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Downward trend in prostate cancer mortality in Quebec and Canada.
J Urol 1999; 161(4):1189-91JU

Abstract

PURPOSE

If new treatment strategies and screening for prostate cancer are effective they should reduce prostate cancer mortality. In this review we monitored prostate cancer mortality rates in Quebec and in Canada.

MATERIALS AND METHODS

We obtained data on all deaths from prostate cancer between 1976 and 1997 in Quebec, and 1976 and 1996 in Canada. We calculated age standardized mortality rates and assessed changes with time.

RESULTS

Prostate cancer mortality rates increased regularly until 1991 in Quebec and Canada. After 1991 the rates decreased moderately until 1995 and then more markedly in 1996. There was a further decline in 1997 in Quebec. Overall, age standardized prostate cancer mortality rates declined by 23% in Quebec between 1991 and 1997, and by 9.6% in Canada between 1991 and 1996. The mortality decline was observed for all age groups but was more pronounced among men younger than 75 years.

CONCLUSIONS

Until 1995 the trends in prostate cancer mortality in Quebec and Canada were similar to those observed in the United States. Our data suggest that a sharper decline has occurred since 1995. It is of primary importance to identify the causes of the mortality decline. As prostate cancer mortality rates declined relatively early after the initiation of widespread screening with prostate specific antigen, it is unlikely that screening has as yet contributed in a major way to the decline. It is more likely that the mortality reduction is a consequence of better prostate cancer management or improved treatment modalities.

Authors+Show Affiliations

Laval University Cancer Research Center, and Department of Social and Preventive Medicine, Laval University, Quebec, Canada.No affiliation info availableNo affiliation info availableNo affiliation info available

Pub Type(s)

Journal Article

Language

eng

PubMed ID

10081867

Citation

Meyer, F, et al. "Downward Trend in Prostate Cancer Mortality in Quebec and Canada." The Journal of Urology, vol. 161, no. 4, 1999, pp. 1189-91.
Meyer F, Moore L, Bairati I, et al. Downward trend in prostate cancer mortality in Quebec and Canada. J Urol. 1999;161(4):1189-91.
Meyer, F., Moore, L., Bairati, I., & Fradet, Y. (1999). Downward trend in prostate cancer mortality in Quebec and Canada. The Journal of Urology, 161(4), pp. 1189-91.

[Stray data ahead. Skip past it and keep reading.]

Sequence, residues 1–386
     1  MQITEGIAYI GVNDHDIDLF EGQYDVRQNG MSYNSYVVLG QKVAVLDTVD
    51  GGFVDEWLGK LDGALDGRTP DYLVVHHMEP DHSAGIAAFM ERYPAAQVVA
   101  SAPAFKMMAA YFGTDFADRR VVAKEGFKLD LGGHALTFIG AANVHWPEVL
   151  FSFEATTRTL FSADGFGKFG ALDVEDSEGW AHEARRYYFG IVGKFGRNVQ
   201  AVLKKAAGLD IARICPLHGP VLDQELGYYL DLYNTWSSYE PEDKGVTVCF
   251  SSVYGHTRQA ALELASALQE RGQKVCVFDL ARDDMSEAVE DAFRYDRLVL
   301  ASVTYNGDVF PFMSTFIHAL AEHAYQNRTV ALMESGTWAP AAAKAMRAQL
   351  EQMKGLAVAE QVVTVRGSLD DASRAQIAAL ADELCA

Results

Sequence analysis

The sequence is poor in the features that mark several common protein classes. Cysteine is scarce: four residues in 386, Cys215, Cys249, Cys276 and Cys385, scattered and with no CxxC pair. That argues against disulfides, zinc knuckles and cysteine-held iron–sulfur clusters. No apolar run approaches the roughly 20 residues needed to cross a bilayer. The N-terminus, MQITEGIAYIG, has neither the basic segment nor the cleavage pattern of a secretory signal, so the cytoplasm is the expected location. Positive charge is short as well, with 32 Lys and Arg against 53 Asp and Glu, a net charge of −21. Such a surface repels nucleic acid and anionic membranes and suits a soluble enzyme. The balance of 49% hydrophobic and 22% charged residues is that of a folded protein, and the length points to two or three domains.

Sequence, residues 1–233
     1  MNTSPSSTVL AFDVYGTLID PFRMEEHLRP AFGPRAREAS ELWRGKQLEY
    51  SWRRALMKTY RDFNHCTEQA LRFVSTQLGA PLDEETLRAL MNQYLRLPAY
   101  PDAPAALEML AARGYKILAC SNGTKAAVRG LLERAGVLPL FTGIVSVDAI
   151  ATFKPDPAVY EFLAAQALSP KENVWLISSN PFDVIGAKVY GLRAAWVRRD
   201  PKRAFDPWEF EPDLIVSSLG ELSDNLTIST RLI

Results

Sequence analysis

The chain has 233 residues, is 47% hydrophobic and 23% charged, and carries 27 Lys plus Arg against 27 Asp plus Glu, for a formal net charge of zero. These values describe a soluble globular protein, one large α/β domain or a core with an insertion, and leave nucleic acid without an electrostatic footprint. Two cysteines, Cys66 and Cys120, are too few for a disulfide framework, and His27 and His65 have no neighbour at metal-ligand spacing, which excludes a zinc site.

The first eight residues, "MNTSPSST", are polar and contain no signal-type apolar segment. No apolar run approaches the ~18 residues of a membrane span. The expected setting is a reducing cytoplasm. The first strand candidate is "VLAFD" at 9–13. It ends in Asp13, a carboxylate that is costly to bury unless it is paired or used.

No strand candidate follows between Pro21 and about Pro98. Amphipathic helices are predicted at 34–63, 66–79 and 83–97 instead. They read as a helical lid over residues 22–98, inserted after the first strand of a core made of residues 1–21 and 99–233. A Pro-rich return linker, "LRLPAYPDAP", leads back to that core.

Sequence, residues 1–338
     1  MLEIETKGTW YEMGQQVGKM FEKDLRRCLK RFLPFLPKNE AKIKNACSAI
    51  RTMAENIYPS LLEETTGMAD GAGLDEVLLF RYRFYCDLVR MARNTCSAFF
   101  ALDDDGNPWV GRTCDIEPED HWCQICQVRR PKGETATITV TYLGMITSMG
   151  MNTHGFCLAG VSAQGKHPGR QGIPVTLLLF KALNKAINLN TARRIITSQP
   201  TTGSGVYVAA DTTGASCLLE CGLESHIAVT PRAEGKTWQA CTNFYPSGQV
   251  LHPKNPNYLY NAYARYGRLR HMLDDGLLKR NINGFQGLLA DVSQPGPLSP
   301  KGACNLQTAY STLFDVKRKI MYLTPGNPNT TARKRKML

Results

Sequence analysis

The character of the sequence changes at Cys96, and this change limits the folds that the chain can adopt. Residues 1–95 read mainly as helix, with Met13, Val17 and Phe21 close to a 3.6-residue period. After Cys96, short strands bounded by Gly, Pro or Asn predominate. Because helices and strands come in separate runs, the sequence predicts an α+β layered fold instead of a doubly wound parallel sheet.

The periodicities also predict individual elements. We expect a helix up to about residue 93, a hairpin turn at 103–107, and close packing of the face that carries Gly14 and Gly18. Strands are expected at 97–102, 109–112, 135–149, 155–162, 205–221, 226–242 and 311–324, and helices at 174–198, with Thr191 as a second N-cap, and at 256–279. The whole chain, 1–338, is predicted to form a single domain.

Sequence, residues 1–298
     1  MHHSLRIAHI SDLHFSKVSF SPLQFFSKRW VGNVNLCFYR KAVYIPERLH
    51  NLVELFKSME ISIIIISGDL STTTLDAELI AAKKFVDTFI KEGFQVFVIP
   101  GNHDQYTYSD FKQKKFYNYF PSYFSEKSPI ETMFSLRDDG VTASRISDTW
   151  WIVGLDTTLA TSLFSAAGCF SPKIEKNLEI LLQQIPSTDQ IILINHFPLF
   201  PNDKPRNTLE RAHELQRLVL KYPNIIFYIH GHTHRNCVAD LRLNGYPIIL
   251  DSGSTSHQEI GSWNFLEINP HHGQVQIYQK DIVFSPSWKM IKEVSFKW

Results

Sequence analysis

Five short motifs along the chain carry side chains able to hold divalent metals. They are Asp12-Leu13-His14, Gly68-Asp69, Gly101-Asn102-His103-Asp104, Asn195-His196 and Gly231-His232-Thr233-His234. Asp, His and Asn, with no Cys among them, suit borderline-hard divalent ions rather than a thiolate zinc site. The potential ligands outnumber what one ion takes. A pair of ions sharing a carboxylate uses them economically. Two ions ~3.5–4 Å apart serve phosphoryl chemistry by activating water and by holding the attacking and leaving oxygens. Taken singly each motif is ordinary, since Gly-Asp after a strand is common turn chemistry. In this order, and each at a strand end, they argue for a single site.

Meyer F, et al. Downward Trend in Prostate Cancer Mortality in Quebec and Canada. J Urol. 1999;161(4):1189-91. PubMed PMID: 10081867.
* Article titles in AMA citation format should be in sentence-case
TY - JOUR T1 - Downward trend in prostate cancer mortality in Quebec and Canada. AU - Meyer,F, AU - Moore,L, AU - Bairati,I, AU - Fradet,Y, PY - 1999/3/19/pubmed PY - 1999/3/19/medline PY - 1999/3/19/entrez SP - 1189 EP - 91 JF - The Journal of urology JO - J. Urol. VL - 161 IS - 4 N2 - PURPOSE: If new treatment strategies and screening for prostate cancer are effective they should reduce prostate cancer mortality. In this review we monitored prostate cancer mortality rates in Quebec and in Canada. MATERIALS AND METHODS: We obtained data on all deaths from prostate cancer between 1976 and 1997 in Quebec, and 1976 and 1996 in Canada. We calculated age standardized mortality rates and assessed changes with time. RESULTS: Prostate cancer mortality rates increased regularly until 1991 in Quebec and Canada. After 1991 the rates decreased moderately until 1995 and then more markedly in 1996. There was a further decline in 1997 in Quebec. Overall, age standardized prostate cancer mortality rates declined by 23% in Quebec between 1991 and 1997, and by 9.6% in Canada between 1991 and 1996. The mortality decline was observed for all age groups but was more pronounced among men younger than 75 years. CONCLUSIONS: Until 1995 the trends in prostate cancer mortality in Quebec and Canada were similar to those observed in the United States. Our data suggest that a sharper decline has occurred since 1995. It is of primary importance to identify the causes of the mortality decline. As prostate cancer mortality rates declined relatively early after the initiation of widespread screening with prostate specific antigen, it is unlikely that screening has as yet contributed in a major way to the decline. It is more likely that the mortality reduction is a consequence of better prostate cancer management or improved treatment modalities. SN - 0022-5347 UR - https://www.unboundmedicine.com/medline/citation/10081867/Downward_trend_in_prostate_cancer_mortality_in_Quebec_and_Canada_ L2 - https://linkinghub.elsevier.com/retrieve/pii/S0022-5347(01)61628-8 DB - PRIME DP - Unbound Medicine ER -